M.J. Harper has proposed a new theory for the distribution of the Earth’s deserts and presents it with a DVD “The Distribution of Deserts, A New Theory, M J Harper”, available from Amazon here. It is not available on Youtube but I have watched it and it is very interesting. However a preliminary video on Youtube presents the core ideas.
The theory is based on the observation that the Earth’s atmosphere never reaches 100% saturation with water vapour because sea level has, everything else being equal, reached an equilibrium level implying evaporation from the oceans is no longer occurring; thus the origin of atmospheric water is not so much from oceanic evaporation as commonly accepted as more from vegetative transpiration. This flies in the face the hydrological orthodoxy and is Harper’s principal theory. Harper points out while a steady state between water and air in a closed container reaches a specific air saturation level in the laboratory for a particular temperature, this does not seem to occur in the real-world situation, hence the puzzle of desert formation.
Another observation made is that the Earth’s weather systems generally move from west to east, though obviously the motion of cyclones/hurricanes/typhoons belies this general assumption since these weather phenomena don’t, and often conspicuously so. But these short duration, often cataclysmic, weather phenomena are, none the less, superimposed on the more general long-term west-east movement of weather systems. (In general it may be said that the rotating atmosphere seems to drag the Earth along with it, incidentally suggesting that the driving force for the Earth’s rotation is external, with the atmosphere/liquid components rotating faster than the solid component below).
So what is the theory? Harper’s theory is that deserts form on continents when there are no trees/forests or vegetation water sources to the west along a particular latitude, so that the atmosphere of the weather systems that moves west to east are undersaturated with respect to water, and hence little to no precipitation of this water occurs on landfall to the east of the ocean, thus forming deserts. It also implies that there is also little to no evaporation from the oceans west of the landmass at a particular latitude. The corrollary is that if large vegetated landmasses exist west of a land mass, say Canada with respect to England and Europe, then deserts will not form since the westerly forrests are pumping water into the atmosphere that comes down on the landmasses etc to the east. Hence Harper’s principal theory is that atmospheric water is dominated by water emission from the plant kingdom and not from the Earth’s oceans.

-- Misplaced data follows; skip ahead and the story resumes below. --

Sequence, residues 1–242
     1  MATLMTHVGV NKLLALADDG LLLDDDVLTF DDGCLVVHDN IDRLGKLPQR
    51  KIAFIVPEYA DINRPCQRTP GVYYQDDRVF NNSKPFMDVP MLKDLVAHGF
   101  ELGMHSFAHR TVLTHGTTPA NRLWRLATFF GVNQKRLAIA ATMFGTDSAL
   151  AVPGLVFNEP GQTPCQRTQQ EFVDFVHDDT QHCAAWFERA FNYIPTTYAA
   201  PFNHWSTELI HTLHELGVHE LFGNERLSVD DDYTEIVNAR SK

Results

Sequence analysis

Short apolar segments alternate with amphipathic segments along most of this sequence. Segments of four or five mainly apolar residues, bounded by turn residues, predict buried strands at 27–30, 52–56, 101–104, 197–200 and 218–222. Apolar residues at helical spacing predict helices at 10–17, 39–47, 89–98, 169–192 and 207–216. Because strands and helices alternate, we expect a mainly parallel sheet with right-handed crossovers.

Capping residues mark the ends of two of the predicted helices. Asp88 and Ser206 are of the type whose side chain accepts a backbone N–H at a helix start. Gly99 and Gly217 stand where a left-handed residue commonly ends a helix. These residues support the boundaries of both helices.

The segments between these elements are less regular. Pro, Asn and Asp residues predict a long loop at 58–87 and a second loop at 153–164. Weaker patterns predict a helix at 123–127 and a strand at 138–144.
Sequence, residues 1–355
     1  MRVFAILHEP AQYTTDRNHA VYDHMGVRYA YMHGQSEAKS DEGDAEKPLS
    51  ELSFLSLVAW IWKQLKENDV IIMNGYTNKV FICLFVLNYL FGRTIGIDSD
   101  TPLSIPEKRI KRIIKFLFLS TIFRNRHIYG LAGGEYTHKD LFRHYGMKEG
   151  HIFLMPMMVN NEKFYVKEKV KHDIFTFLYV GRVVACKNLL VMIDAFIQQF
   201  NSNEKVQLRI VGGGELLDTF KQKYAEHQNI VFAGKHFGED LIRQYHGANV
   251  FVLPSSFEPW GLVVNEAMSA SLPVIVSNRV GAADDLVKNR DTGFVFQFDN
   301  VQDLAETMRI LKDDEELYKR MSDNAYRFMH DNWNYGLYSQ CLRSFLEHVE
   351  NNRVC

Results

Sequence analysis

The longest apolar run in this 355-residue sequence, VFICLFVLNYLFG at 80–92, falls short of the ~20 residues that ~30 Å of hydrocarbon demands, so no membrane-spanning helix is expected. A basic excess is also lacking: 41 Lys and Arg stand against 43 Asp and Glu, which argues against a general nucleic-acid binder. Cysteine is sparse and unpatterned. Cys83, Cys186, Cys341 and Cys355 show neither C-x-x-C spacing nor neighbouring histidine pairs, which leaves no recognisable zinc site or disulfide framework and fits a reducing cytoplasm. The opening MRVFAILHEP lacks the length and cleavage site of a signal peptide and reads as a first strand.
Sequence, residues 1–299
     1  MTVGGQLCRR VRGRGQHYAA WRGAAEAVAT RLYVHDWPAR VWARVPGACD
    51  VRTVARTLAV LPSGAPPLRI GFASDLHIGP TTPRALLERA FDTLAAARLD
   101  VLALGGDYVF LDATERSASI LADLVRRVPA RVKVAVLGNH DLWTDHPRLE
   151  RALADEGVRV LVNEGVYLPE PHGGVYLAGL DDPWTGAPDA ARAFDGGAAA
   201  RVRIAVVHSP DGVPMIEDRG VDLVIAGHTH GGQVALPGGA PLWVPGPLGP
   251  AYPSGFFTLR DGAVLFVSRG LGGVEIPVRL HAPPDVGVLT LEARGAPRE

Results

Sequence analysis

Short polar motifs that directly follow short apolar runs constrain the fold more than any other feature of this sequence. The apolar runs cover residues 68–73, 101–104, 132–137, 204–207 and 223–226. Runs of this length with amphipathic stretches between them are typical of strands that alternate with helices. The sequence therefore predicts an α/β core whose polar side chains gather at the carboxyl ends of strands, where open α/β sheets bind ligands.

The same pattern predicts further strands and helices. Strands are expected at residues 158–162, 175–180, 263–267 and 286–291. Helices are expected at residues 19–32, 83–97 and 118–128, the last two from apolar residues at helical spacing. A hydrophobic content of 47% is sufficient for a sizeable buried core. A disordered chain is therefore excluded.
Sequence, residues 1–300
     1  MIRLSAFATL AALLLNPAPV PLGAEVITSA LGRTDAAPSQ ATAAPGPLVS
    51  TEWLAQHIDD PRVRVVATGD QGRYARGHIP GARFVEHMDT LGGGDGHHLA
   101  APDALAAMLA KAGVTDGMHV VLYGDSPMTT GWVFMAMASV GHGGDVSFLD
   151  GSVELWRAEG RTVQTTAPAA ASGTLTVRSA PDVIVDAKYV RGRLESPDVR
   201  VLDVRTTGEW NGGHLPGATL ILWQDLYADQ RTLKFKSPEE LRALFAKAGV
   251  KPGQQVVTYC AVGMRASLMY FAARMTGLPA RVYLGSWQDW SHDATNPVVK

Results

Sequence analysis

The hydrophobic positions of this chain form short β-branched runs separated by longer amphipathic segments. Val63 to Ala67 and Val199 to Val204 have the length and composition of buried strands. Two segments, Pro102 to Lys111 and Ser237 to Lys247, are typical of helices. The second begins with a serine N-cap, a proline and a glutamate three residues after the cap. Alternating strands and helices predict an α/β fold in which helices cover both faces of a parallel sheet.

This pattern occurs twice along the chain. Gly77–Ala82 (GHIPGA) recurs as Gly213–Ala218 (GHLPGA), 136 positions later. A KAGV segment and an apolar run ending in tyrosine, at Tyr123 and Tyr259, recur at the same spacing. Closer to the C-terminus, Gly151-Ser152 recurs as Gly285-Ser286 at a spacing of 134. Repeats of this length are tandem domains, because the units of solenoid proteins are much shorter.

The flaw in the argument is the tacit assumption that the existing landmass/ocean orientations with respect to the Earth’s rotational axis has been geologically constant. Given that the Sahara was recently a wetlands area, this suggests that during those times there may not have been an Atlantic Ocean. Or the Earth might have been rotating on a different axis than it is now. This may then explain the desert anomalies that Harper has identified, and that the anomalies are remnants of previous ‘Harper Deserts’ when his rule of thumb applied to the then landmass/ocean distribution.